Brit Stephen Chidwick Takes Home First US Poker Open Trophy

Stephen Chidwick has played the global poker circuit for a number of years but has never won a championship trophy. All that changed at the U.S Poker Open when Chidwick had a great run and finished in first place on the points table which gave him his very first live tournament championship trophy.

UK-based poker pro Chidwick won the inaugural US Poker Open (USPO) after five cashes, four final tables, and two victories. He took home the first USPO trophy and a total of $1,256,600, pushing him to 2nd in England’s All Time Money List.

Chidwick became one of the favorites to win the USPO after his back-to-back victory at the high-roller Events #3 and #4 at the Aria Resort & Casino in Las Vegas. He was up against a number of formidable high-roller players such as Keith Tilston, Chris Vitch, Isaac Haxton and Daniel Negreanu, but he was able to turn the odds to his favor and play his cards right.

Unlike other tournaments, the USPO trophy is awarded to the player that has performed the best through the entire series—which means you just have to rack up the most money to win the event. Chidwick went on a winning streak and did just that.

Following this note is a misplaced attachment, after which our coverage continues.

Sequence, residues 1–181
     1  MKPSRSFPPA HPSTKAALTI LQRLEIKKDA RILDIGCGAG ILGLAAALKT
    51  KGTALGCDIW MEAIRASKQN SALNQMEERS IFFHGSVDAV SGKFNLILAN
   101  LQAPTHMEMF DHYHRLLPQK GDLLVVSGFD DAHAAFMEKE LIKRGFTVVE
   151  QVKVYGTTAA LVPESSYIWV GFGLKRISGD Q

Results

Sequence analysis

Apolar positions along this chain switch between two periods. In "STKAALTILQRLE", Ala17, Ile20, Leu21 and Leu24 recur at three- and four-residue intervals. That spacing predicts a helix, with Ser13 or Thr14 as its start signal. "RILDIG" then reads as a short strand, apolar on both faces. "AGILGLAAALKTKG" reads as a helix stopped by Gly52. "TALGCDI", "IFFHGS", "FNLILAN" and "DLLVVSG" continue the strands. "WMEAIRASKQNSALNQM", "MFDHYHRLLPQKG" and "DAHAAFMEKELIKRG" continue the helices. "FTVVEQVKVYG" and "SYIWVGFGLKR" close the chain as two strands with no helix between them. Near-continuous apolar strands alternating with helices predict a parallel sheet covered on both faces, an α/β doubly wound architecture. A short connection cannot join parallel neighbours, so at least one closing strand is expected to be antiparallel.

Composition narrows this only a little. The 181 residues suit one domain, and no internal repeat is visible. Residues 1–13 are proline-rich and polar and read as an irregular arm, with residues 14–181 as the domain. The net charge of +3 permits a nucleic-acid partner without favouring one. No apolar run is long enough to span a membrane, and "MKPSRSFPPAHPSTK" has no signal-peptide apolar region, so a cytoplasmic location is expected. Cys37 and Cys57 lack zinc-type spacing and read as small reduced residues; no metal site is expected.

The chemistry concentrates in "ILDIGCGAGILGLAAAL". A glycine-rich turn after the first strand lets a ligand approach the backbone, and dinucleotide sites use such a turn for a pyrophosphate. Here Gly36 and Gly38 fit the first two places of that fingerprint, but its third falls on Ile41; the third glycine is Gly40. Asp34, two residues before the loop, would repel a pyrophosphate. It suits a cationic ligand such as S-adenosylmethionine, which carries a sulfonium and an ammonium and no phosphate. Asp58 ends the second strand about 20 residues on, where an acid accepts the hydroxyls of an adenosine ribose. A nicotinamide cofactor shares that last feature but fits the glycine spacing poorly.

How Chidwick became the First U.S Poker Open Champ

Chidwick had a good run at the 11-day tournament, starting Event #1 on high spirits after cashing in $54,400 and finishing in 5th place. He then followed up with back-to-back victories, winning $374,000 against Vitch and Haxton during Event #3 and then another $382,500 against Vitch and Tilston for Event #4.

After his streak, Chidwick continued his momentum on to Event #6, and placed third at the $25,000 buy-in no-limit hold’em event and won $183,750. Chidwick lost to France’s Benjamin Pollak and Jason Koon during that event but finishing in 3rd place allowed him to continue to boost his winnings and maintain his place at the top of the points list. By Event #6, Chidwick had already accumulated $994,650, almost twice Pollak’s winnings at $554,600.

Event #7: $25,000 No Limit Hold'em was a bit more intense and would be Chidwick’s last cash in the tournament which was enough to secure his USPO win. After an action-filled head to head against David Peters, Chidwick placed second for $262,000.

The USPO Main Event could still have turned the tables against Chidwick but Tilston’s win and winnings of $660,000 did not quite make the cut. After Tilston grabbed the USPO Main Event title, he shot up to 2nd place overall with four cashes and $1,047,100 in earnings. In the end, Stephen Chidwick was able to hold on to his title despite not making it to the final table at the Main Event and finished by lifting the USPO championship trophy.